For most of the twenty-first century, the world’s oldest surviving democracy has been led by a chief executive who received fewer votes than his opponent in an election for the
position.1×The first of these executives started a war based on false pretenses that killed hundreds of thousands of civilians.2×The second — a serial abuser of women3×who hired as his campaign manager a lobbyist for violent dictatorships4×— authorized an immigration policy that forcibly separated migrant children from their families and indefinitely detained them in facilities described as “concentration camps”.
Democracy, as they say, is messy
But even when democracy is messy, a society’s commitment to the endeavor rests on the belief that giving power to the people is appropriate and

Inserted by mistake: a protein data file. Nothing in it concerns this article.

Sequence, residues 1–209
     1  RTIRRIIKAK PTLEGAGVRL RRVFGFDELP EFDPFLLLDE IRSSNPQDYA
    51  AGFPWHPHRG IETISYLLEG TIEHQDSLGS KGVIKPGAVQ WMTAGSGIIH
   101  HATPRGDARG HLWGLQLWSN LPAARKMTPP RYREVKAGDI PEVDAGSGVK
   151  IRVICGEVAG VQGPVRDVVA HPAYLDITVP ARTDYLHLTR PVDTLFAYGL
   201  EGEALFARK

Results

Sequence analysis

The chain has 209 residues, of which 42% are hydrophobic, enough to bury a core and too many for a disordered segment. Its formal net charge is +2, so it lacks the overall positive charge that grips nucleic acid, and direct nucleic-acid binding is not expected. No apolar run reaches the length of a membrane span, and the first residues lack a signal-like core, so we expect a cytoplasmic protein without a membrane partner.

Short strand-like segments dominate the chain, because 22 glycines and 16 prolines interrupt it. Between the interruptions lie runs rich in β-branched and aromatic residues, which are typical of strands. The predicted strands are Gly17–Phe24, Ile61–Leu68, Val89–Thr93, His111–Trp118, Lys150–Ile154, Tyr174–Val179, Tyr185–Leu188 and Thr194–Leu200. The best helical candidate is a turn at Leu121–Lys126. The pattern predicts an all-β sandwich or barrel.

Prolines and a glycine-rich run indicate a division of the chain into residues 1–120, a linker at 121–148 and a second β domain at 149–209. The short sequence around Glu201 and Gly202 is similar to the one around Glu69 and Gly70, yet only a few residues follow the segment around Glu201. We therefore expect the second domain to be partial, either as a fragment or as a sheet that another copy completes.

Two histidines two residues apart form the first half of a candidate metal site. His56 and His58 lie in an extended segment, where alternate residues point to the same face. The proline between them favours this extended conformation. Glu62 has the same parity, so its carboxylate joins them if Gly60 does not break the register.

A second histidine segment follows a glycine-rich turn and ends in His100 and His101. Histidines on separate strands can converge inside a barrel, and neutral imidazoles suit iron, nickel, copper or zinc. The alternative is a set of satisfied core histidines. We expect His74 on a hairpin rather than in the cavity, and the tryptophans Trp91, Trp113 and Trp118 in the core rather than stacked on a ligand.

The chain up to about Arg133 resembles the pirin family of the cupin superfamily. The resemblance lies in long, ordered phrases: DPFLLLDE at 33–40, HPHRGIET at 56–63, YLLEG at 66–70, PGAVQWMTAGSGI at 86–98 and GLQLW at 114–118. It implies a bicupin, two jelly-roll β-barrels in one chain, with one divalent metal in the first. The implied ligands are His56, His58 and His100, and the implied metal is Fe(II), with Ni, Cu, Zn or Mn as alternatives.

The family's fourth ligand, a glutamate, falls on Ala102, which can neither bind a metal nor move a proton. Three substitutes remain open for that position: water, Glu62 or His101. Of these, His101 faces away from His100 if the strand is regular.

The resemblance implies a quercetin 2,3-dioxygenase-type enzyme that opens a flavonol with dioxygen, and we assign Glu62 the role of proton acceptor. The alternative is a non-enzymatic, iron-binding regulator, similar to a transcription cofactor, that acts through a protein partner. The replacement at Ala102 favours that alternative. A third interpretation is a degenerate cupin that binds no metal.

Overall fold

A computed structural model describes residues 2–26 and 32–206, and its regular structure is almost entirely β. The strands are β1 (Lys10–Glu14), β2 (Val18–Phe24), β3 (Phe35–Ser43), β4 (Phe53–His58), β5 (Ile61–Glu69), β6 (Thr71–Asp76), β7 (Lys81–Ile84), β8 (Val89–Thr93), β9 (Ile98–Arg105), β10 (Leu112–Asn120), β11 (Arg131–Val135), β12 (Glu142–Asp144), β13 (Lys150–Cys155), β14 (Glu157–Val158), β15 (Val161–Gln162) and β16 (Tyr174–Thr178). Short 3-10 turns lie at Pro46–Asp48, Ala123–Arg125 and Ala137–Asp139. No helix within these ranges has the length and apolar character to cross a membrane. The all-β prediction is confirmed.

fair.7×Recent events have highlighted some of the ways in which federal elections in the United States are profoundly undemocratic and, thus, profoundly unfair.8×The Electoral College — when it contravenes the popular vote — is an obvious example of this unfairness. But it is just one of the mathematically undemocratic features in the Constitution. Equal representation of states in the Senate, for example, gives citizens of low-population states undue influence in Congress. Conversely, American citizens residing in U.S. territories have no meaningful representation in Congress or the Electoral College.